Roll the dough into small energy balls. This recipe makes around 8-9 balls. Then sprinkle sesame seeds on a chopping board or plate. Roll each ball in the sesame seeds so they are coated (image 4).
Then enjoy your healthy snack!
💭 Recipe tips and notes
Adjust the amount of spice to taste. My low histamine readers may prefer to use cardamom, as noted above.
Don't skip the chill in the fridge step! This helps the dough stick and makes it easier to roll into balls.
Use an alternative nut or seed butter. If almond butter doesn't work for you then something like macadamia butter will work well.
📋 Frequently asked questions
Most energy balls are a good source of protein, but it depends on ingredients used. If they contain nuts, seeds or oats they are a good source of plant-based protein.
You can either roll energy balls in your hands or use a cookie scoop to form your balls.
No you don't have to coat the balls, have them without the seeds if you prefer!
⏲️ Equipment needed
Food processor - to blend and form the 'dough' for the energy balls.
Cookie scoop - optional, you can either use this or your hands to roll the balls.
Bowl - to chill the 'dough' in the fridge.
📖 A note on allergens
Just a note that sesame is a known allergen, so must not be consumed if you know you do not tolerate.
Also, if you are on a low histamine diet, please note that sesame scores 1 on the SIGHI list. I know many people use sesame without any issues, which is why I make recipes using this and tahini, but please only try the energy balls if you know you tolerate well.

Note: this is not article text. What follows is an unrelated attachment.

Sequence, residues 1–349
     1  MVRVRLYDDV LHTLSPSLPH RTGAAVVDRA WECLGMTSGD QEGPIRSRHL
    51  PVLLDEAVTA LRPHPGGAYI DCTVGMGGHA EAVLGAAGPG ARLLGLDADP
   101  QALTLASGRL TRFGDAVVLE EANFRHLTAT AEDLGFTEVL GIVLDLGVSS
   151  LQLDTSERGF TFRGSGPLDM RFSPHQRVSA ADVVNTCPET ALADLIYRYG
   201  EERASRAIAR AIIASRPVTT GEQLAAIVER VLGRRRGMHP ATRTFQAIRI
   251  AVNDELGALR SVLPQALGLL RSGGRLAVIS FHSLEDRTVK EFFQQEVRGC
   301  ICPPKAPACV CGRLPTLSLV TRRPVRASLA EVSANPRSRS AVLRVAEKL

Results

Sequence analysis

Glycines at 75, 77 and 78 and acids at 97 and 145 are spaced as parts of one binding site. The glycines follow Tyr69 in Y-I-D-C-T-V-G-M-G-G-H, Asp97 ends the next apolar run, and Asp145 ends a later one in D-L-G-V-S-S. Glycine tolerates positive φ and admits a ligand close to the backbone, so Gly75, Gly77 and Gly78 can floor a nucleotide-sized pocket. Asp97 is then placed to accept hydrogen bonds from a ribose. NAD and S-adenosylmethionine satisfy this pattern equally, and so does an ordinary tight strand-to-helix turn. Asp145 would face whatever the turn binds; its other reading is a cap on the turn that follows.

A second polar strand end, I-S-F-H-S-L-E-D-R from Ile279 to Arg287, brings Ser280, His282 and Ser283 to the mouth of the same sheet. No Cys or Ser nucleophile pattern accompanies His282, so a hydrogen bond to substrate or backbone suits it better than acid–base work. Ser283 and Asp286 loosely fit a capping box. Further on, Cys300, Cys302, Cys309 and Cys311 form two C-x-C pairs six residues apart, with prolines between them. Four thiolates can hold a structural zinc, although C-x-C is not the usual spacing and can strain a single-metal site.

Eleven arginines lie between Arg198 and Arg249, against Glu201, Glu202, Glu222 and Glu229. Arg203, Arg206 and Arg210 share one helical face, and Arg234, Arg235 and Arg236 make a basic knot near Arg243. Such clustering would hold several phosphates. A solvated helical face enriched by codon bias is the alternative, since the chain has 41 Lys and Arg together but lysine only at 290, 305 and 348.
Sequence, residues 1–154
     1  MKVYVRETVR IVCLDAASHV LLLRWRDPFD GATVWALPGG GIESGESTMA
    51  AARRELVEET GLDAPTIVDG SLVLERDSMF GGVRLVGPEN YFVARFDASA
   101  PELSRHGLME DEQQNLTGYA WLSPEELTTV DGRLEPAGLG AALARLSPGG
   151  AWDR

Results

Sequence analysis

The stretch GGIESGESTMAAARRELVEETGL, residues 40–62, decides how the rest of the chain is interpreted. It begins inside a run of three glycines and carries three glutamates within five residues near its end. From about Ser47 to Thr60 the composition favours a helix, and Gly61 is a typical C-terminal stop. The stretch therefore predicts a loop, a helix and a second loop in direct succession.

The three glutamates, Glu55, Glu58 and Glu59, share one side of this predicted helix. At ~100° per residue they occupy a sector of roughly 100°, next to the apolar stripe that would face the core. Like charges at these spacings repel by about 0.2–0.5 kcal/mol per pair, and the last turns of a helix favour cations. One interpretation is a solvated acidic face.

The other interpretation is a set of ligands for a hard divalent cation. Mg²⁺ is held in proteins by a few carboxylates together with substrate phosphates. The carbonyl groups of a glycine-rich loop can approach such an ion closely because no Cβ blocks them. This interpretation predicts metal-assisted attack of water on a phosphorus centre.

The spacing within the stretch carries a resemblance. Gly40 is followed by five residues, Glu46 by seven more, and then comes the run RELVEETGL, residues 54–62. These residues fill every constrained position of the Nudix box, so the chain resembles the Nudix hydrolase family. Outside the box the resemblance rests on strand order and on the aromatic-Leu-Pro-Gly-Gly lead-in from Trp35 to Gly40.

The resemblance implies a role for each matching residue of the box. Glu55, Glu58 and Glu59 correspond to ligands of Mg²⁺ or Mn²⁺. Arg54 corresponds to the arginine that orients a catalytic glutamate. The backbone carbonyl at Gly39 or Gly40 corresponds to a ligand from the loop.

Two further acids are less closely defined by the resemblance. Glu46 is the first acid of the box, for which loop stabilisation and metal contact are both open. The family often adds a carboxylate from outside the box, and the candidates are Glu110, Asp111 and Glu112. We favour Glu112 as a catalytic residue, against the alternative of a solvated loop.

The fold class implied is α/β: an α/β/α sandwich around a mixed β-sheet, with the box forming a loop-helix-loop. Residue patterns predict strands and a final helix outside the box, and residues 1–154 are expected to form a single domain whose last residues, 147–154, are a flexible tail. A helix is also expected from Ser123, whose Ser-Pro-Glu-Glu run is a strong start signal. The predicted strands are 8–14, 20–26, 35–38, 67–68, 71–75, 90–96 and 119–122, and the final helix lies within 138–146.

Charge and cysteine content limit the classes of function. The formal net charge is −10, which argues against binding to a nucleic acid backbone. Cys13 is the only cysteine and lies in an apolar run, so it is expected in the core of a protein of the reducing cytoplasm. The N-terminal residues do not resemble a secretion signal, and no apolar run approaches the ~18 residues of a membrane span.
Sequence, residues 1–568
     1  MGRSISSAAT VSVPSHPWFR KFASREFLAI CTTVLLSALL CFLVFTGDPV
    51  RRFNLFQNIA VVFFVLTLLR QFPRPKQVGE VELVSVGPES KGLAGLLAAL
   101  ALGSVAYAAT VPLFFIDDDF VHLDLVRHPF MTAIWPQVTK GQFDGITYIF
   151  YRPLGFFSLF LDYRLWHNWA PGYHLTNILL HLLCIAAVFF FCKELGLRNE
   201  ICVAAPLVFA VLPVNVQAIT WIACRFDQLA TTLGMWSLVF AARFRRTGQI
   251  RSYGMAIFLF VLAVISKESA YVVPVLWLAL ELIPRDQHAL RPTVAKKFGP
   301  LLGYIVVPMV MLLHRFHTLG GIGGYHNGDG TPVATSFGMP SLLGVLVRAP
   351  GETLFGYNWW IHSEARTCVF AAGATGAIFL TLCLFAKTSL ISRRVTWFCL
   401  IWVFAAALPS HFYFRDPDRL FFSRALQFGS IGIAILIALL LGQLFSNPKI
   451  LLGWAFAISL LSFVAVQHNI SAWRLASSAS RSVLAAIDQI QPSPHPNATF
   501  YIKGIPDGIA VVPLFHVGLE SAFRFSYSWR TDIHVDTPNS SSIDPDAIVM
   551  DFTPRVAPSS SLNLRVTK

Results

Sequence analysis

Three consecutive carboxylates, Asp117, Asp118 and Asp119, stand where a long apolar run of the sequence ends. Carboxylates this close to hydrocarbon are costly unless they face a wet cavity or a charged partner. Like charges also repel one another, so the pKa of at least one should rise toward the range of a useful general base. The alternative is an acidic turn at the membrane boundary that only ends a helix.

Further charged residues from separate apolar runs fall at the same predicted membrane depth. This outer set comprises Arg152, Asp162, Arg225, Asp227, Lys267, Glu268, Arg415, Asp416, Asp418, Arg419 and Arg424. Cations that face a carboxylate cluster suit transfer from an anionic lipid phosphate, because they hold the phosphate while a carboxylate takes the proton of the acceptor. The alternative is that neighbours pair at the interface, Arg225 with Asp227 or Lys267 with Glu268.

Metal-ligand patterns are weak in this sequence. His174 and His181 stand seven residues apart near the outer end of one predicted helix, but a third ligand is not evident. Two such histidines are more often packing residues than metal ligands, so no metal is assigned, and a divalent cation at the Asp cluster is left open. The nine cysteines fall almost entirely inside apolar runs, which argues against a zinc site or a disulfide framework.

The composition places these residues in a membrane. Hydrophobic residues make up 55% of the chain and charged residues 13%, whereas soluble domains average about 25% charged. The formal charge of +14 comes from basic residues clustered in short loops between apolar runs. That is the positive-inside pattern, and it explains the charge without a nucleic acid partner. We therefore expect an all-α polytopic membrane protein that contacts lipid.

🥣 More tasty energy balls
Sesame Energy Balls
- Food processor
- Cookie scoop optional
- Blend the oats and milled flaxseed in the food processor until they form into a grainy texture. Spoon in the other ingredients, except for 3 tablespoon of sesame seeds.
- Blend the mixture until it forms into a sticky 'dough' texture. Take a small piece out and check that it is sticky enough to hold together if rolled into a ball. If required, add a little more tahini and/or maple syrup to make it more sticky.
- Transfer the 'dough' to a bowl, cover, and set aside in the fridge for around 20 minutes.
- Roll small pieces of the mixture into balls, or alternatively use a cookie scoop. The dough should make around 8 balls.
- Sprinkle sesame seeds onto a plate or board and roll the balls in them to coat.
- Adjust the amount of spice to taste.
- Check that the 'dough' is sticky and will roll into a ball that holds together before chilling it in the fridge. If not, add a little more maple syrup or tahini and blend again.
- Don't be tempted to skip the chilling in the fridge step! This helps the 'dough' stick together and roll into balls more easily.
- You may need to scrape the sides of the food processor down a few times. A spatula is a good tool to use for this.
- Please note that nutritional information is offered as a courtesy. It is auto-generated and should be understood to be an estimate.
- sesame seeds (and tahini), which score 1. Note that sesame is a potential allergen, and only use if you know you tolerate well.
- almonds (for the almond butter), which score 1.
- cinnamon scores 0 on the list, but is higher on other lists.
- flaxseed isn't rated on the SIGHI list.